Kilometer-sized asteroid orbits the sun every 151 days

Kilometer-sized asteroid orbits the sun every 151 days

The timespan makes 2019 LF6 the record holder for shortest year of any object smaller than a planet.

The Zwicky Transient Facility (ZTF) camera scans the skies quickly every night from the Palomar Observatory, located 90 miles (145 kilometers) southeast of Los Angeles.

Scientists at Caltech have discovered an asteroid that is about a kilometer in size that has what they term the shortest "year" known for any asteroid. The asteroid, known as 2019 LF6, orbits the sun once every 151 days. The orbit of this 0.6-mile-long chunk of rock swings from past Venus to even nearer to the sun than Mercury.

"LF6 is very unusual both in orbit and in size - its unique orbit explains why such a large asteroid eluded several decades of careful searches", Quanzhi Ye, a postdoctoral student at Caltech, said in the statement.

These objects are also fascinating due to their tilted orbits.

"Both of the large Atira asteroids that were found by ZTF orbit well outside the plane of the solar system", says Prince. That asteroid also turned out to orbit the sun outside of the solar system's plane. Since the mission is created to use infrared to track the heat signatures of asteroids, it will be able to successfully find other Atira objects.

A year on 2019 LF6 lasts just 151 days, that's two weeks shorter than another Atira asteroid known as 2019 AQ3, which previously held the record for having the shortest year at 165 days.The lump of rock has another oddity too.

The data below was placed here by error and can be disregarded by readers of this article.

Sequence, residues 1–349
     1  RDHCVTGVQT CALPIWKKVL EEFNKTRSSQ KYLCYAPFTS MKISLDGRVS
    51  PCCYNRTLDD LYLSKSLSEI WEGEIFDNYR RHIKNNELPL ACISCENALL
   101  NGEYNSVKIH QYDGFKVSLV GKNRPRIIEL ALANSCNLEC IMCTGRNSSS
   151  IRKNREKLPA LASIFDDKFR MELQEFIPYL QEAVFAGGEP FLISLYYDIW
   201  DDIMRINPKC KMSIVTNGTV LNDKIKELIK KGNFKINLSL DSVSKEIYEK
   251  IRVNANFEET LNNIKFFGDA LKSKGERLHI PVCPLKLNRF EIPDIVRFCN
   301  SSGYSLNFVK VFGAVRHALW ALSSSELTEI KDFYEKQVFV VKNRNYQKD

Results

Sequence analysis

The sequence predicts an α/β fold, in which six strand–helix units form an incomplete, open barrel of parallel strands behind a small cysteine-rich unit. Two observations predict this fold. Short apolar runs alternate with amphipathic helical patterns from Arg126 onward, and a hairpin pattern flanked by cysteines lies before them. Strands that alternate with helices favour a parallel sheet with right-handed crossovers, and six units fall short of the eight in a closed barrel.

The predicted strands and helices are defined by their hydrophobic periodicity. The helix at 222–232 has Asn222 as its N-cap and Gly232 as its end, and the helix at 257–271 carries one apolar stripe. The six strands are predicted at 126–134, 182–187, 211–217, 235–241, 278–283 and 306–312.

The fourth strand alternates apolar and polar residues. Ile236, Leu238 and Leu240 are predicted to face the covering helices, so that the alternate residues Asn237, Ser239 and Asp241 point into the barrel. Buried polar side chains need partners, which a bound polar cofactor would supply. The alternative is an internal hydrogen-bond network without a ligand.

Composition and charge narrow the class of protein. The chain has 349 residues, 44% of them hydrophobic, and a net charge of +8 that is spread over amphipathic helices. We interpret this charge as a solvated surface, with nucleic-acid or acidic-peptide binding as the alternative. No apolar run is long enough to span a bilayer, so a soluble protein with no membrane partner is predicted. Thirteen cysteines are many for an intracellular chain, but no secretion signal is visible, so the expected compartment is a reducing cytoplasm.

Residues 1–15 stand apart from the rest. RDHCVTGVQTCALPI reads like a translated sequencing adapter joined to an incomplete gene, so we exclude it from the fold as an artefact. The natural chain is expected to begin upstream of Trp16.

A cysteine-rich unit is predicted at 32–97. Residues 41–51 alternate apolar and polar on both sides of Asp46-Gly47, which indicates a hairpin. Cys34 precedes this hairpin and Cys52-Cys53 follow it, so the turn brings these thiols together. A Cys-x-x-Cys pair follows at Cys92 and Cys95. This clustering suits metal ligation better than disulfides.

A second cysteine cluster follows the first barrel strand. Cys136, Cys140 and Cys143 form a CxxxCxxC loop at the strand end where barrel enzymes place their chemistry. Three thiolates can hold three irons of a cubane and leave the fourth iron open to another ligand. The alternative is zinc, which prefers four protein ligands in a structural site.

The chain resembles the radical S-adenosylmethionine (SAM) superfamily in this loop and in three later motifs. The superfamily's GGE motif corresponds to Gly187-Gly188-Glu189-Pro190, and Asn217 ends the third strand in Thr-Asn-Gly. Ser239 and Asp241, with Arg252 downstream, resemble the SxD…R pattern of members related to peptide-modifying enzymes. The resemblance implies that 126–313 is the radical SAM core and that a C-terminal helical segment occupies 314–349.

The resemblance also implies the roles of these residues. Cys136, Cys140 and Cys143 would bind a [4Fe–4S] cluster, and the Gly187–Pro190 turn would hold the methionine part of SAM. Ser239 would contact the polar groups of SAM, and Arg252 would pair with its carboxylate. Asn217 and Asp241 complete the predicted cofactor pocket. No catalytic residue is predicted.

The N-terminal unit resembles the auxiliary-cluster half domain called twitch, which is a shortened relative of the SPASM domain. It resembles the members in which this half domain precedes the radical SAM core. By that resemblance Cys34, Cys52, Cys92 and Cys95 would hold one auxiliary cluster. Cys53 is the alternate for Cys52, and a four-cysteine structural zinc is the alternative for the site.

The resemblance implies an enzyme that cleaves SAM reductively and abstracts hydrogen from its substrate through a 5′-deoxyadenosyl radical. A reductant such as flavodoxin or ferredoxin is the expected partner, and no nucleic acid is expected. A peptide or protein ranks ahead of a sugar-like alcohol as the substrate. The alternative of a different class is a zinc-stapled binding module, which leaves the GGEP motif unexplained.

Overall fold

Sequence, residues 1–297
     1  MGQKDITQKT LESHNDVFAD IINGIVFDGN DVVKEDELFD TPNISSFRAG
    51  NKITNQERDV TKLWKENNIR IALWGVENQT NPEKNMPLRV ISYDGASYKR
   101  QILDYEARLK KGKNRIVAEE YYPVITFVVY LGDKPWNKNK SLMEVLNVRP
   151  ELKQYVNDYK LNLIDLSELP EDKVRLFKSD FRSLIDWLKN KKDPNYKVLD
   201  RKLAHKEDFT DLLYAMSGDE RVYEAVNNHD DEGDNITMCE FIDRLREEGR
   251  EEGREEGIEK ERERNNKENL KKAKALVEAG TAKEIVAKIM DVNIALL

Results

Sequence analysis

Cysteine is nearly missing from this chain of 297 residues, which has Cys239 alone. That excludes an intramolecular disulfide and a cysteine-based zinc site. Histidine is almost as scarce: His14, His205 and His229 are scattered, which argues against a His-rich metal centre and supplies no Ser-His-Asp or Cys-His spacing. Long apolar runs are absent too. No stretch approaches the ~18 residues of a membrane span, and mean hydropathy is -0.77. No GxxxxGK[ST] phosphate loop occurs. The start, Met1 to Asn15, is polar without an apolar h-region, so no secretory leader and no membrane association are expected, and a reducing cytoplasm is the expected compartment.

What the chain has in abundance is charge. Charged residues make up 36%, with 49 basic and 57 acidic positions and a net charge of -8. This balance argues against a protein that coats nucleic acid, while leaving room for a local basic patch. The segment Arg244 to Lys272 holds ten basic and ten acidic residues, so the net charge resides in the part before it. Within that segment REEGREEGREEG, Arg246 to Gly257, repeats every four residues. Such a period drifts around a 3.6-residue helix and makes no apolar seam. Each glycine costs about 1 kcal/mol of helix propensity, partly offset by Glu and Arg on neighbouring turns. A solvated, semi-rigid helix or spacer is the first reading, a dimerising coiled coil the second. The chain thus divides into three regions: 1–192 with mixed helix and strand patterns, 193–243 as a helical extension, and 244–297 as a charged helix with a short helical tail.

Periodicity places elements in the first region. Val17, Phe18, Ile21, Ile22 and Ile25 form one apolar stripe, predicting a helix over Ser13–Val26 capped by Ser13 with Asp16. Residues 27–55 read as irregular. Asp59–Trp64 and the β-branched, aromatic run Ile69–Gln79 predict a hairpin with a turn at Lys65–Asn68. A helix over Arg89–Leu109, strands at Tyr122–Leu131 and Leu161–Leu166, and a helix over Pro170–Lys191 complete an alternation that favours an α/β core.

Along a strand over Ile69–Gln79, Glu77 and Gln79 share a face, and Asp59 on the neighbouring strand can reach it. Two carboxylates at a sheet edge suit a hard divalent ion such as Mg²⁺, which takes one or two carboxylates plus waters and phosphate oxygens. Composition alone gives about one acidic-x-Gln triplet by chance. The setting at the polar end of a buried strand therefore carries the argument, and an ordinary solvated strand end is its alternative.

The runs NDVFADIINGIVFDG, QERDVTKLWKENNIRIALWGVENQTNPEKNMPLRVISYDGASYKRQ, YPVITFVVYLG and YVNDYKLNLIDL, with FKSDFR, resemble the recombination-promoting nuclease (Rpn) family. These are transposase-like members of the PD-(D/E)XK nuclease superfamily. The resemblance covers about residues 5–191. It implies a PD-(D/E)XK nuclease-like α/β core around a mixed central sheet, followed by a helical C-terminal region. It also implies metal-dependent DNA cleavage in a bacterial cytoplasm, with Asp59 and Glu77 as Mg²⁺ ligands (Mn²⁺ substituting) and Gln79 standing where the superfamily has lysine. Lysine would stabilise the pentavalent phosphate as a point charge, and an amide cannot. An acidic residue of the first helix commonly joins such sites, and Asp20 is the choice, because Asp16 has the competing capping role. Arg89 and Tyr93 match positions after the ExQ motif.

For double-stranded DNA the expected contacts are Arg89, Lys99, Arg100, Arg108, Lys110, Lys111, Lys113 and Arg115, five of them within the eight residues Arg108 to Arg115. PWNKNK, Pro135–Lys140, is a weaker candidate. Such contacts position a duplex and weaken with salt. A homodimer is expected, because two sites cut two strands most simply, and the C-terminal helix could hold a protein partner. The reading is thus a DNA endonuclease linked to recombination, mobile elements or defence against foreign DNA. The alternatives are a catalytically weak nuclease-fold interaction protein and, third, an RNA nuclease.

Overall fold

'Thirty years ago, people started organizing methodical asteroid searches, finding larger objects first, but now that a lot of them have been found, the bigger ones are rare birds, ' he says.

The best time to look for Atira asteroids is during the twilight hours, around 20 to 30 minutes before and after sunset, when the camera can scan the vicinity around the Sun and not be blinded by its intense glare.

"NEOCam has the double advantage of its location in space and its infrared capability to find these asteroids more easily than telescopes working at visible wavelengths from the ground", he added.

A large asteroid belt is found between Mars and the fifth planet from The Sun, gas giant Jupiter.

"It is one of the near-Earth asteroid groups that we don't know much about, since their unique orbits make them hard to observe", Yu told Gizmodo.

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